That was the only trade the Timberwolves made during the offseason, other than a minor swap with the Pacers of two small forwards. They acquired Euro veteran Damjan Rudez for Chase Budinger, a move that cleared some salary cap space. Rudez is making $1.15MM this season while Budinger exercised a $5MM option on his contract, but the teams were able to swing the deal because of prior trade exceptions that they exercised.

A move of greater consequence came in July when Minnesota agreed to a three-year deal with one of Europe’s top big men, Nemanja Bjelica. Minnesota had held the power forward’s draft rights for five years and the reigning Euroleague MVP decided it was time to give the NBA a try. He negotiated a buyout agreement with his Turkish team with some monetary assistance from the Timberwolves. Bjelica earned a rotation spot during training camp, though he has been slowed recently by a knee injury.

The other notable moves the club made involved the signings of longtime veterans to help nurture the young talent on the roster, as well as divorcing themselves from young power forward Anthony Bennett. The frontcourt upgrades that the Timberwolves made removed any meaningful role for Bennett, whom the team acquired in the 2014 blockbuster with the Cavs that delivered Wiggins while shipping disgruntled Kevin Love out of town. A buyout agreement allowed Bennett to join the Raptors once he cleared waivers.

There was little debate that Kevin Garnett would re-sign with the club that originally drafted him and end his storied career in Minnesota. Garnett inked a two-year contract and has not only contributed on the court but has also served as an ideal mentor for Towns. Towns recently told’s David Aldridge that he learns something new every day from Garnett.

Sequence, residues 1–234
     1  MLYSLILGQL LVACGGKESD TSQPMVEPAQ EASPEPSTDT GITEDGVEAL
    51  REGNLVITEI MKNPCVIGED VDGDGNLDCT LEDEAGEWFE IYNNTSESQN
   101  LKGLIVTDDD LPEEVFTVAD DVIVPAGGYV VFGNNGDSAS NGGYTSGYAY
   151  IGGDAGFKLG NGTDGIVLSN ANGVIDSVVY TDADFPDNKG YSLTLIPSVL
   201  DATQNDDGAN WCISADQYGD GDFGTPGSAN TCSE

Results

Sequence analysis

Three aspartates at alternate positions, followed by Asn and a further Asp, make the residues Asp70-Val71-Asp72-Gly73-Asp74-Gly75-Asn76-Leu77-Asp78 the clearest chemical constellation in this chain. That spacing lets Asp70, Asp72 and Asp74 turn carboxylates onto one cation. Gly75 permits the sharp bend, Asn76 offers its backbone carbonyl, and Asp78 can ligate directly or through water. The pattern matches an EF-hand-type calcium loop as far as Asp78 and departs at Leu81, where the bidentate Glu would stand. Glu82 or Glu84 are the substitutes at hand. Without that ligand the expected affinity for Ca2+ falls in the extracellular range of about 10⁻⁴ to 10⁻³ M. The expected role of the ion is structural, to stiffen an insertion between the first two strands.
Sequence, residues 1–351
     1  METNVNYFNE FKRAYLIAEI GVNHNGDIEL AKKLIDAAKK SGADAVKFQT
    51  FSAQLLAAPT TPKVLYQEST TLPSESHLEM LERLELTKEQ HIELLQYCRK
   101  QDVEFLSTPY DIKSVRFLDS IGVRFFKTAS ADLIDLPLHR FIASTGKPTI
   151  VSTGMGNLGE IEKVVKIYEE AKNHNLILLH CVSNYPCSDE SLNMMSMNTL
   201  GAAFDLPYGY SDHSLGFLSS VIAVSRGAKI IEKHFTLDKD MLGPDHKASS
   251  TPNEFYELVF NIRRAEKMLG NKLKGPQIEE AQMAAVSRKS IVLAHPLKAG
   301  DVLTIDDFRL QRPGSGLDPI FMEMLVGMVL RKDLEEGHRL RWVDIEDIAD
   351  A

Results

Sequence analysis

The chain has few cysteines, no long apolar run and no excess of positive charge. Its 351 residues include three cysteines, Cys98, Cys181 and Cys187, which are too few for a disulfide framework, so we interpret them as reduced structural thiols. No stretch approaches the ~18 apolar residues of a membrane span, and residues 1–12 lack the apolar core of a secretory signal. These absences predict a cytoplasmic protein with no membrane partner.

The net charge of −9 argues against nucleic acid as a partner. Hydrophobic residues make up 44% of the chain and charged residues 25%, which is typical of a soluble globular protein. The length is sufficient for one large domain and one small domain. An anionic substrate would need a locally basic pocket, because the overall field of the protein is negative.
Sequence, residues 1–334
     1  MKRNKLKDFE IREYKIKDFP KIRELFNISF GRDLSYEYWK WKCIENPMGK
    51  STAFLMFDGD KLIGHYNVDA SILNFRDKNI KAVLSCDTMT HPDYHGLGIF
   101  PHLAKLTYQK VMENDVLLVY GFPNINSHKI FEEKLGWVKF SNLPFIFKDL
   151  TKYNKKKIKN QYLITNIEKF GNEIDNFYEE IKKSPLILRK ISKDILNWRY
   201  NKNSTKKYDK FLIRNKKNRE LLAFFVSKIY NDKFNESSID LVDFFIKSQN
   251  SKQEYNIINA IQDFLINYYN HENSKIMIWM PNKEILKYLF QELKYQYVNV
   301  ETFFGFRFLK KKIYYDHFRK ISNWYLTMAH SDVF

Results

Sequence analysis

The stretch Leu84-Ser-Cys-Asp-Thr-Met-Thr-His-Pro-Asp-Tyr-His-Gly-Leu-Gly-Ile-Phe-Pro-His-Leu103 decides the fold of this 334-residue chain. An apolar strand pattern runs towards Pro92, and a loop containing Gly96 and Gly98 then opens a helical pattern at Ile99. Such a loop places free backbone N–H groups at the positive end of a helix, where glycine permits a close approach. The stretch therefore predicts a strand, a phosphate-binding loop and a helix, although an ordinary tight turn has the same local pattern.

Another old Saunders favorite, Tayshaun Prince, signed a one-year contract. Prince was Saunders’ starting small forward during his three years as head coach of the Pistons. Prince has played regularly in the early going, though his stats have been modest. But his impact also goes beyond the court, as he serves as a role model for the team’s wing players, particularly Wiggins.

Miller has similar responsibilities as a backup point guard, though he still has enough left in the tank to play effectively when oft-injured Rubio is sidelined. He can offer sage advice to LaVine and Jones and assist in their development.

The Timberwolves were not interested in making a lot of big moves this offseason. They were mainly concerned with molding their young core into a winning unit, with the aid of trusted veterans that could impart their knowledge to the likes of Towns and Wiggins. The future certainly looks bright, even though it’s likely Minnesota is headed for its 11th consecutive losing season. Sadly, the man responsible for the rebuilding project won’t be around to see the improvement, but his impact will be felt for many years to come.

Eddie Scarito contributed to this post. The Basketball Insiders salary pages were used in the creation of it.

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2 thoughts on “Offseason In Review: Minnesota Timberwolves

  1. jeremy

    this got to be one of the best build teams for a rebuilding team. they have a very good mix of vets and young players. they got a vet to teach the guards, a vet to teach the SF and a vet to help the bigs. what more could you ask for as a young player. this year they might be a 8th seed but for sure in a few years they could be a playoff team for years to come

    • Dana Gauruder

      You could definitely see Flip’s vision in every move they made this summer. As you point out, he had a mentor for his budding talent at every position.